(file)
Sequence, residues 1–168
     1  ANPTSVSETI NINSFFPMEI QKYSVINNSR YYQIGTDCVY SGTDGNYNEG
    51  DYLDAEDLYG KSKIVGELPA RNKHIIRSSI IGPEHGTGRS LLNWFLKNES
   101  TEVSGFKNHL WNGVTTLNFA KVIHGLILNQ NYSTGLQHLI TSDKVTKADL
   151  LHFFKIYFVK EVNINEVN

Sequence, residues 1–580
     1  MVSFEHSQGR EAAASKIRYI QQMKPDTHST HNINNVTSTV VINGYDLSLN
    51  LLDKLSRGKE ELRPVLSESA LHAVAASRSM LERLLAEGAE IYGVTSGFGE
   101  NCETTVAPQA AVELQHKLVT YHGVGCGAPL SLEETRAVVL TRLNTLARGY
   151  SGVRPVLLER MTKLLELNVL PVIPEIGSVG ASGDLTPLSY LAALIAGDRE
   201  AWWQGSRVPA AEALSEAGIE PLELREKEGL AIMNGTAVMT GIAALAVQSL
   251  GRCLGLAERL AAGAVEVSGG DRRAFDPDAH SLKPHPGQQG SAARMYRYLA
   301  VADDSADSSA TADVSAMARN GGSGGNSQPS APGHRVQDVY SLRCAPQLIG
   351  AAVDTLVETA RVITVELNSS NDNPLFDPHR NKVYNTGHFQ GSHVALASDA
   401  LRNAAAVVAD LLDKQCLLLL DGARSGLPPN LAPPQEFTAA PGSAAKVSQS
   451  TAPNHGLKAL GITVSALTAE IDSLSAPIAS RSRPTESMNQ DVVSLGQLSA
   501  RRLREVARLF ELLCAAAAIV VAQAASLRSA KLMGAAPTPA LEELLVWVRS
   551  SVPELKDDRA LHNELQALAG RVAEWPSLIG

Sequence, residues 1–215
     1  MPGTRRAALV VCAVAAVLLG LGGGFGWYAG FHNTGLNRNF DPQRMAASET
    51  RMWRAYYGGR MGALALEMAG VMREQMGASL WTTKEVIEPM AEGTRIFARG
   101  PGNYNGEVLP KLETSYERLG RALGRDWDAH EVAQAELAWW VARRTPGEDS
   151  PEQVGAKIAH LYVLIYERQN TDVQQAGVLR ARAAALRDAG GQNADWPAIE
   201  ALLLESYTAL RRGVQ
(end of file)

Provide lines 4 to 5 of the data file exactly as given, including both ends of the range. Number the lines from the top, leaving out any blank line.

   101  TEVSGFKNHL WNGVTTLNFA KVIHGLILNQ NYSTGLQHLI TSDKVTKADL
   151  LHFFKIYFVK EVNINEVN